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114 Science & Christian Belief, Vol 22, No. 2
D. GARETH JONESGuest EditorialA Christian Perspective on Human Enhancement
The enhancement debate bears all the hallmarks of future-oriented ethicsdebates. The excessive speculation, with its vision of a new humanity mouldedand created by human beings and biomedical technology, is countered by anequally apocalyptic vision of spiritual disaster as humanity with its marks ofGods creation is defiled and torn asunder.
The excesses of transhumanism with its picture of a new world order, inwhich medicine will be devoted to conquering mortality, overcoming ageing,vanquishing neurodegenerative diseases and enabling people to live to 600 orso years of age as healthy and fulfilled individuals, rightly repel Christians.The conclusion reached by the Conference of European Churches1 will strike achord with many Christians: The internal logic of enhancement is its ownundoing, because one would have no reason to be satisfied whatever enhance-ments one made to oneself. Physical immortality can be as devoid of hope andmeaning as a life lived in abject poverty for forty years.
These extreme vistas represent a rerun of the science-as-saviour mentality.While they can quite rightly be rejected on theological grounds, their scientificimplausibility also needs to be challenged. Their faith in the regenerative pow-ers of biomedical science is astounding, as they casually ignore the inherentcomplexity of the human body most notably the brain, the limited effective-ness of most available (and soon-to-be-available) procedures, the continuingproblem of side-effects, the costs involved and their moral ambivalence.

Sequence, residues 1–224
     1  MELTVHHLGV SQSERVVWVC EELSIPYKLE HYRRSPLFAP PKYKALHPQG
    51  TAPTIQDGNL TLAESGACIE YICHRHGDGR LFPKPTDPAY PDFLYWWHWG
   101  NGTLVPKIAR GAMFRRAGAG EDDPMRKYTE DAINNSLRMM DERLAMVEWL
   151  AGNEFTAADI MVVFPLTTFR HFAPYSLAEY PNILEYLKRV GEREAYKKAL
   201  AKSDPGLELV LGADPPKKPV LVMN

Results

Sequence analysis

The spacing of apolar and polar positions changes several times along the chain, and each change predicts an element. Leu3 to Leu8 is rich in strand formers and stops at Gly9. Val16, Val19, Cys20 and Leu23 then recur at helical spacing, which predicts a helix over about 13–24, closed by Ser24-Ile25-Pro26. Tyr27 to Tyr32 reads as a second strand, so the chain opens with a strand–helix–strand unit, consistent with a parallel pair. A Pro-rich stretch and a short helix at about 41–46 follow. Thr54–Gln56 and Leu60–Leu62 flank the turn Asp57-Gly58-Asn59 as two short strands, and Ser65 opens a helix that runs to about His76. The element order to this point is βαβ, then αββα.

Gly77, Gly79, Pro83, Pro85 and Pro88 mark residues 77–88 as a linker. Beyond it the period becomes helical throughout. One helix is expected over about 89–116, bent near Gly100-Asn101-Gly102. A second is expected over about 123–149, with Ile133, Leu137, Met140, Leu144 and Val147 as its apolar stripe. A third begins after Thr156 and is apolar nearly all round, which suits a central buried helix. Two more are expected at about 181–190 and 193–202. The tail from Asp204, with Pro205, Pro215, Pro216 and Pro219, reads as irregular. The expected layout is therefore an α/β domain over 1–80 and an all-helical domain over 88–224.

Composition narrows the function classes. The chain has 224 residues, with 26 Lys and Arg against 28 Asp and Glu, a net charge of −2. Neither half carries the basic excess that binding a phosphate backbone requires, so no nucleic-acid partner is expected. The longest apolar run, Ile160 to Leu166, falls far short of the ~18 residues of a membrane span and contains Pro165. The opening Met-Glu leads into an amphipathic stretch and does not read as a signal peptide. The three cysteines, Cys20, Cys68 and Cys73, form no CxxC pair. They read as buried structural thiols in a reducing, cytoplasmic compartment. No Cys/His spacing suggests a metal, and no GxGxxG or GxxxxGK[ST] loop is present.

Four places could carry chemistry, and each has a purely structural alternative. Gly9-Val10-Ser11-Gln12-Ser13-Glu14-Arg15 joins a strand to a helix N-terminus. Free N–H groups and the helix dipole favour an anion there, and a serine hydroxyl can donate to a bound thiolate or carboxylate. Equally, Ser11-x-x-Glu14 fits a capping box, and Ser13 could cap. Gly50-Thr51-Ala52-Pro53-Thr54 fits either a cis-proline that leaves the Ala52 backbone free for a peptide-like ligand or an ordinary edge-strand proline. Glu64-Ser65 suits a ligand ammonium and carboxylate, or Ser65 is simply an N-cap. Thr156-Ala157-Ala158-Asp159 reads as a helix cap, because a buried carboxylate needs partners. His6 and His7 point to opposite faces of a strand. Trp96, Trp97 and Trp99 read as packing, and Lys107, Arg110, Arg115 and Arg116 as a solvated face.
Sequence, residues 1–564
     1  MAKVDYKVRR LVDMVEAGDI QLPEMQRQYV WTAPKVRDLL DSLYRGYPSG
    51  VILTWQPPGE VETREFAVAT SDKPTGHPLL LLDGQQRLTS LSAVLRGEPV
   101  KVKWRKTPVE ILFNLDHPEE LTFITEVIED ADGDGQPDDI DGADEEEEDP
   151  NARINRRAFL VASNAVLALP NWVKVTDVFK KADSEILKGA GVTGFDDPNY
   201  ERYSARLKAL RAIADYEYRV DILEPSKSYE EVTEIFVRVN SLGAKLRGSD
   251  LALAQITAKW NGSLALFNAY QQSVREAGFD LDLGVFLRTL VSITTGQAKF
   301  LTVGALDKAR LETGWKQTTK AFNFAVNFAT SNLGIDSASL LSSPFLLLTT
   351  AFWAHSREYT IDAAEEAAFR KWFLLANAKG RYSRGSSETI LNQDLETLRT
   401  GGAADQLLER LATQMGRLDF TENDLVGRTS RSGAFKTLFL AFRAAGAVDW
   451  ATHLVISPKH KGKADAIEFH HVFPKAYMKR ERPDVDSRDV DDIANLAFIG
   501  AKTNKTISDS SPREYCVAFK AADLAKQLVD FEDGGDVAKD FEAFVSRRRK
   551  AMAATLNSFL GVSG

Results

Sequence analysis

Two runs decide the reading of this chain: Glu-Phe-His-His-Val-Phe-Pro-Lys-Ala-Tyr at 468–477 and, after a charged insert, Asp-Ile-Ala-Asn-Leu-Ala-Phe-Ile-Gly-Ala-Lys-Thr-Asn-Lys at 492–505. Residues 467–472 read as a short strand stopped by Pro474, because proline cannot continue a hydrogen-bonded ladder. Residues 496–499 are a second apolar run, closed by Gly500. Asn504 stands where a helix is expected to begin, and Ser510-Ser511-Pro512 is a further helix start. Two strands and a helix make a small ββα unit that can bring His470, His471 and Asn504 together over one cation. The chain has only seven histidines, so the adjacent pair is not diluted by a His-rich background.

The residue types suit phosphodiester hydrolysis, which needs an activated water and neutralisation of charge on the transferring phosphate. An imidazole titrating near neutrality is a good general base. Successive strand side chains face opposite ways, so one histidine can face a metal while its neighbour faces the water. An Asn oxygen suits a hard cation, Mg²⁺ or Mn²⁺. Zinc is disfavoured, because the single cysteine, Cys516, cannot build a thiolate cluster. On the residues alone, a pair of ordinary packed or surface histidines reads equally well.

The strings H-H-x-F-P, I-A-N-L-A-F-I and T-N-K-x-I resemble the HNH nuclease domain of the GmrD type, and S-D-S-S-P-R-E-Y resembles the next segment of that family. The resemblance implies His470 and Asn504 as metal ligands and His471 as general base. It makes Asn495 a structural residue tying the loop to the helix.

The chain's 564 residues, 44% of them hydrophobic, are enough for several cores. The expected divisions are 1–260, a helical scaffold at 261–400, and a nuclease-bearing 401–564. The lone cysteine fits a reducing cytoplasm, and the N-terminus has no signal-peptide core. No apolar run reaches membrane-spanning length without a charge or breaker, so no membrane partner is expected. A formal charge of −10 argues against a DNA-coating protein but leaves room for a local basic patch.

And yet the possibility of enhancing the lives of ordinary people through bio-medical technology is present reality. Examples abound as drugs originallydesigned to treat a medical condition are employed by healthy individuals toimprove their performance. For instance, students studying for exams arereputed to be taking non-prescription Ritalin (methylphenidate) to stay awakeand alert for longer. Another drug, Provigil (modafinil), of value in treatingindividuals with narcolepsy, also appears to be useful in aiding concentration,alertness, focus, short-term memory and wakefulness.
These secondary uses of psychoactive drugs take them out of the traditionalrealm of therapy into a realm that is beyond therapy. The question is: does thismatter, either ethically or theologically? This, in turn, forces us to ask how wedistinguish between normality and abnormality, health and illness, therapy andenhancement. These distinctions lack the clear-cut certainty once bestowed
1 Working Group of Bioethics and Biotechnology, Conference of European Churches, Humanenhancement A discussion document, http://csc.ceceurope.org/fileadmin/filer/csc/Ethics_Biotechnology/Human_enhancement_final_March_10.pdf; (2010) accessed 23 June 2010.
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2 McKenny, G. Theology, ethics and the enhancement of human traits, Theology Today (2002)59(1), 90-103.